I've never been one for attaching myself to scenes. True I marched down the Kings Road in the summer of 77 one sunny saturday with a fifty strong army of punks. Havoc was not unleashed on good citizens until six or seven teds were spotted in Sloane Square whereupon a charge was mounted against the musical throwbacks. These days it would be hard to find a punk in the Kings Road, let alone a teddy boy.
This weekend I ventured north to a field in Derbyshire to experience a festival called Indietracks. If I thought the spirit of C86 had evaporated in the nineties amid a fuzz of grunge guitars and acned laddism I was to be pleasantly surprised. C86 was never a movement or scene, it was simply an NME tape/LP that was intended to portray a cross section of sounds that were happening in 1986. People conveniently forget that not only did it showcase the talents of the Close Lobsters, Primal Scream and Wedding Present but also the defiantly unpoppy meanderings of Stump, Bogshed and MacKenzies. Whatever the merits of the latter groups it was the former that inspired and engendered a longing in many boys and girls across the land to grasp a guitar and proclaim the joys of love reciprocated or, usually, denied.
Indietracks was held at the Midland Railway Centre and a few bands even played on moving trains. There was a main stage outside run under the aegis of Elefant records who were celebrating twenty years in the music biz. There was also a stage in a converted locomotive shed and one in a small church. More than fifty acts played over the weekend. Unfortunately I was only there for the sunday. As I waited on the platform to board the train to see the Manhattan Love Suicides I was coaxed into a nostalgic reverie as I surveyed the crowd: girls in spotty or flowery dresses, hairslides harassing their hair and boys in denim or corduroy jackets sporting a colourful crop of badges. It felt like being at a Sarah records convention.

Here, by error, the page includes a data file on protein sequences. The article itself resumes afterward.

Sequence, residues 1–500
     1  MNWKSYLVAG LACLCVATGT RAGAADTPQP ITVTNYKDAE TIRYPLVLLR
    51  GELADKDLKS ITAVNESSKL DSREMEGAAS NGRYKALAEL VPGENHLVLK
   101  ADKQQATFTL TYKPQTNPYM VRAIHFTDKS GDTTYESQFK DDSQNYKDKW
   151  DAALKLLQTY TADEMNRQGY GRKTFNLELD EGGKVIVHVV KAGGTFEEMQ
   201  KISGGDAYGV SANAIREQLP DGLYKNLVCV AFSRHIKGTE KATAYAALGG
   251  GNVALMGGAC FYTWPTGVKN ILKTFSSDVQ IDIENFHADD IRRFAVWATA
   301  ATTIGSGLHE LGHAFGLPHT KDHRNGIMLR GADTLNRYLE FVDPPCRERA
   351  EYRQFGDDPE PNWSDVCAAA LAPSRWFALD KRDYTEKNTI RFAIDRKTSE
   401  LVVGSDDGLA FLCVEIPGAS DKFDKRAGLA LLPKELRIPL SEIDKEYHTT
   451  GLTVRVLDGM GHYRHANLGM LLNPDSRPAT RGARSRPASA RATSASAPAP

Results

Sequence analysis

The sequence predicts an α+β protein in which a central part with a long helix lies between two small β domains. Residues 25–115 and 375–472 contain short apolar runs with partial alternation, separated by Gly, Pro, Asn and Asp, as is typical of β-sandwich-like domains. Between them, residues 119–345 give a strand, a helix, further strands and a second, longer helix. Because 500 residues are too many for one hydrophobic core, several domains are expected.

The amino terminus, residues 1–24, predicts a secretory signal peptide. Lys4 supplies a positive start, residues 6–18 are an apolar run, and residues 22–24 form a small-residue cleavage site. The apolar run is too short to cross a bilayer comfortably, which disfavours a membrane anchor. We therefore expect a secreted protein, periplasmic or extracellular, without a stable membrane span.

The day went by in a whirl of discovery and disappointment. The weather, a ceaseless dribble of rain from 4pm onwards, and the Manhattan Love Suicides announcing they had split up before they were about to play were the only downers. Engulfed in ecstasy, caught in a torrent of joy, those two minor infractions were soon dismissed. Bands like the School, the mental but so loveable Stereo Total, the rapturous Northern Portrait, the playful Smittens, the pristine powerpop of Spain's Cooper, the deceptively delicate Pocketbooks, and the hypnotic gentle menace of Help Stamp Out Loneliness propelled me to the sun-glazed shores of happiness. Seeing the BMX Bandits with frontman Duglas now resembling one of the Bonzo Dog Band doing an impression of Rick Wakeman carved a smile on my face that only surgeons could remove. And to top it all Teenage Fanclub, the sunday night headliners, were in fine form.
Highlight above all highlights though was seeing half of the legendary Talulah Gosh do a short acoustic set in a tent. Amelia's voice broke up as she succumbed to laughter and smiles. Grown men sobbed. A Japanese man had to be restrained from committing hara-kiri. And Amelia was playing an unplugged electric guitar acoustically, it was that silly and that fabulous.
If Indietracks is a "scene" then I'm hooking myself up to it.